Yesterday while wandering around, running errands I stopped as a last-ditch effort to find what I was looking for (didn't find it) at the Salvation Army in Uptown. Sitting on the bookshelf, grabbing my attention was this book with "KNITTING" printed on the side.
I have a number of knitting books, but still I lacked a knitting book that showed me how to do almost everything. No longer - this book has EVERYTHING in it. (There's a point to this post, trust me.)
I am not nearly an expert knitter by any means - I'm really still figuring things out and it's likely a seasoned knitter will find problems in my knit design pattern I posted. (I'm pretty great at sewing now however and making my own sewing patterns.) I already see the error in my knitting of how I used a decrease that makes my stitch pattern swing to directions I would prefer it not - however, that's the beauty of learning things. This book answers practically every knitting question I ever have and of course, it was printed in 1971 by one of my favorite arts/crafts book publishers, Dover. (They've published my favorites like Prismatic Design coloring book by Peter Von Thenen, Folk Art Motifs reference book, etc.)
Like any knitting book, it has a bunch of stitch patterns in the back (sorry - text in photos are blurry, deal with it!). It's super-detailed and will even suggest ribbing to use with certain stitch patterns, shows you how to create your OWN cable effects (if you're into designing your own stitches) and describes how you would go about making your own fair isle knits as well as using graph paper to plot out your own knit designs.
I'm sure there are many modern-day books that tell you these things too, but I haven't seen such a comprehensive book around while keeping my eyes open for one like this.
But what honestly spoke to me was this page under "Basic Knitting Procedures" that basically describes my entire design philosophy in a nutshell: just make it your way.
The part here reads: "There is no RIGHT or WRONG way to knit. There is only a right or wrong result. Whether you use the "German" or "Continental" method of the "English" method - or any other method - it is only the result that counts, not the way you hold your needles or use your hands and fingers. One type of knitting may suit you but would be extremely awkward for another knitter. It is almost impossible to find any two knitters who knit exactly alike. It is rare that any two knitters achieve the same gauge, even if they use the same needles and the same yarn. It is the desired result that counts, not the manner in which the result has been achieved."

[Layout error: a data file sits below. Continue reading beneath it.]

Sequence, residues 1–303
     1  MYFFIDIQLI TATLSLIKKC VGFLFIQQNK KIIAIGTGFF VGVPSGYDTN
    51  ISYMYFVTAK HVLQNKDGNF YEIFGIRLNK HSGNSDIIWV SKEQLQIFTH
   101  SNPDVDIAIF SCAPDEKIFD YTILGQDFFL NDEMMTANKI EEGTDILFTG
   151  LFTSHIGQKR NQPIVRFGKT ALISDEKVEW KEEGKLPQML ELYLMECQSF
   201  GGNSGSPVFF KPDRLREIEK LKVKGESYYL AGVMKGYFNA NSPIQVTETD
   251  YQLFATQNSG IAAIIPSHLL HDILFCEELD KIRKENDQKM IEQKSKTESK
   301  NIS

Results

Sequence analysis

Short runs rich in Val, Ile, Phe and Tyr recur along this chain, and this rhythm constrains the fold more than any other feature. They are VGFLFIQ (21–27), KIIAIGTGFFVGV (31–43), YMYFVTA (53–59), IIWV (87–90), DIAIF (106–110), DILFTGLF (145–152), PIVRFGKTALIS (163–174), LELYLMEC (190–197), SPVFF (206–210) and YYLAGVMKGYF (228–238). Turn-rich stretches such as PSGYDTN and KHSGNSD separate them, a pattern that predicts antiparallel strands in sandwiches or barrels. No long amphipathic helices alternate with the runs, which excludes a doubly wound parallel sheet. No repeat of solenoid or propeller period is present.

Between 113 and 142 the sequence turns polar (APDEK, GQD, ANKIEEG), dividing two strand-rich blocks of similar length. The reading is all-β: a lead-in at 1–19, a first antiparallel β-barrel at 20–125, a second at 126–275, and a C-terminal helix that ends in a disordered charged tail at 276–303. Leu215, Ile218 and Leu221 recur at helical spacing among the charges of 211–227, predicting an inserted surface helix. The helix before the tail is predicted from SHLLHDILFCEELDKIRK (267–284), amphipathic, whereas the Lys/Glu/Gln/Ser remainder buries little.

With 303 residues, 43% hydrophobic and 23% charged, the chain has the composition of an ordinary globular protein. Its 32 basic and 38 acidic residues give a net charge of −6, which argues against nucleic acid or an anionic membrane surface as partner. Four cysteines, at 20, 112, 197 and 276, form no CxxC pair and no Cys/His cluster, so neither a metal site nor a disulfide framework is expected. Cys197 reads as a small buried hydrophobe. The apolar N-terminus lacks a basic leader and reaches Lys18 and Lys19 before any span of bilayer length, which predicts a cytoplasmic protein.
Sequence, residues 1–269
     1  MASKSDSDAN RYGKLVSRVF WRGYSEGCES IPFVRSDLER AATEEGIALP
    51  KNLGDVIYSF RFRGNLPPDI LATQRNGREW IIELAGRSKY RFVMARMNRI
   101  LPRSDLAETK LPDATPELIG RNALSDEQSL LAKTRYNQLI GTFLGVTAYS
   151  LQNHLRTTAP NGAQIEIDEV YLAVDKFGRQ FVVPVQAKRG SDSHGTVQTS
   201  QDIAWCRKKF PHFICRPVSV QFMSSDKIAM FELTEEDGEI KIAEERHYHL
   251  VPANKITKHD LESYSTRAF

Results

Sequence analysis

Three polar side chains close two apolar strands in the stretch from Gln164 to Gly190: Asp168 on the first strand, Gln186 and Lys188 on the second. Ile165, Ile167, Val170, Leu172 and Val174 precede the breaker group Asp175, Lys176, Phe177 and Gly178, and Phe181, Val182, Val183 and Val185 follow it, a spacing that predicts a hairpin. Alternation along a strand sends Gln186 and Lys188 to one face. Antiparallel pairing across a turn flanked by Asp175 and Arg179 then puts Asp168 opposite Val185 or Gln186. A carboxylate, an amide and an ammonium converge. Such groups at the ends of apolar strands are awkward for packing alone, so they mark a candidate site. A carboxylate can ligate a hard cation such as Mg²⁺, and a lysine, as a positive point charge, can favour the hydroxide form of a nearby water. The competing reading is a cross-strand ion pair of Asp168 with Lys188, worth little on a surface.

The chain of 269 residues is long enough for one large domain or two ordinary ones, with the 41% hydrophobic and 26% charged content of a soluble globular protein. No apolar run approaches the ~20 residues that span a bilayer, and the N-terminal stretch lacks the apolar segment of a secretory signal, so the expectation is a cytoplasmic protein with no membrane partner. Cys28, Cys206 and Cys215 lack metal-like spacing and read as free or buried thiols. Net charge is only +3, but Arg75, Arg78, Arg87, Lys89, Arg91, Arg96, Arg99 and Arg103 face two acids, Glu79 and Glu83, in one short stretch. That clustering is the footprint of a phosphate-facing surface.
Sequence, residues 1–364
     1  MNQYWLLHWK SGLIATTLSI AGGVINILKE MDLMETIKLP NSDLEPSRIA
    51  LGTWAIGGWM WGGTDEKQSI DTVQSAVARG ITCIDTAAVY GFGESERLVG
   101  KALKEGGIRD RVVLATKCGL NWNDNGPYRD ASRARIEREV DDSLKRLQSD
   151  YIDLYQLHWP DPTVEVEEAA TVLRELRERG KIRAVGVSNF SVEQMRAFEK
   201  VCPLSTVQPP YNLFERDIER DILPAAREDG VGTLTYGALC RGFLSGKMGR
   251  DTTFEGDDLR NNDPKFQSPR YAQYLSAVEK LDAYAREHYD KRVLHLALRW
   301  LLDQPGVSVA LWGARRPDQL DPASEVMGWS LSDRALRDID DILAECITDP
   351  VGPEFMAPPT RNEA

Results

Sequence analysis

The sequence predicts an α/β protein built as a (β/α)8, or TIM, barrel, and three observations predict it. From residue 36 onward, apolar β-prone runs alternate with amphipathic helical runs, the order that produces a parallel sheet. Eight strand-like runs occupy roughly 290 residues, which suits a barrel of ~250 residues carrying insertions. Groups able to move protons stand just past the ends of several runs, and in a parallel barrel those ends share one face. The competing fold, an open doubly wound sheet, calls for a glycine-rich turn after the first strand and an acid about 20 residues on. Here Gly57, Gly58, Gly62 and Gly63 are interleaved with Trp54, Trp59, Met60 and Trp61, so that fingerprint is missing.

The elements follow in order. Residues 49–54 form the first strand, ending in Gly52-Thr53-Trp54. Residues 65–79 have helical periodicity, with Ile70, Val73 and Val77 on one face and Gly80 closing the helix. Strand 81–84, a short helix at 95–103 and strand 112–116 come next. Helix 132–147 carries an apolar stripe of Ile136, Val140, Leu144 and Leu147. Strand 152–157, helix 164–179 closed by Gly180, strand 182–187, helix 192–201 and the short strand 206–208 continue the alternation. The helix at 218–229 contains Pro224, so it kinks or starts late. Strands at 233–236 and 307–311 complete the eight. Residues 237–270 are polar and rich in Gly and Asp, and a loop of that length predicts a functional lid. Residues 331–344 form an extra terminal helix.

This here kids is how design school messes you up, like I went to. Before I went to school, I was completely carefree in the way in which I created. I really had no rules... until one day, a teacher told me, "Nicole, you know that type of zipper really doesn't belong in a dress like that." - I had a big chunky orange zipper in the side of the dress, completely contrasting against the purple fabric with splatter paint inset pieces. But the point is that I liked it and I was the designer meaning... I could do what I wanted!
Throughout my design training I was told that things I did in garments were "wrong" and they "needed to be like ______", and that I used the "wrong fabric" for "that type of garment", etc. I thought this was contrary to the whole design process and what it meant to be a designer.
This is why this passage in this book spoke to me: for many years afterward I struggled with "am I doing this the wrong way?" and I would completely paralyze myself with fear to the point of not finishing or not even beginning a project!
To any new/intermediate designers, people going to school for it or not: Don't let anyone tell you that what and how you make things is "wrong". Yes, the "industry" has standards, but worry about that when you come to it. Sure, there maybe more efficient ways of achieving the same thing, but use whatever way works best for YOU. Does it look like how you wanted it to? Is it functional, wearable? Or maybe you want it to be a non-wearable piece of art. Does the garment serve it's purpose whether as solely a piece of art or meant to be an everyday favorite? Did you mess it up but learn from it? Did it come out not as planned but better?
You are the designer, you are the artist.
I am sometimes underwhelmed with the way that fashion can sometimes be so commercial and not encouraging of any originality; the staunch following of ever-changing trends and few who can think for themselves. Fashion and design is what you make of it. Create or wear what feels right to YOU and don't listen to what anyone else has to say if it's negative (though constructive criticism is beneficial, however merely a suggestion).
Every garment you create, whether by sewing, knitting, using printing effects/dyes, etc. is a bridge to your next project and only adding to your wealth of design knowledge (even if you "fail"). Trust in yourself that you will be able to use this knowledge someday to assess and fix a vast array of design problems and use creative solutions and make things you really love.
You don't have to be a professional... or maybe you are. Either way, only the result matters. I wish someone had told me this so much earlier rather than me finding out for myself almost 2 or 3 years ago now.
On a less serious note, here's Percy's reaction to that:
You have to start somewhere.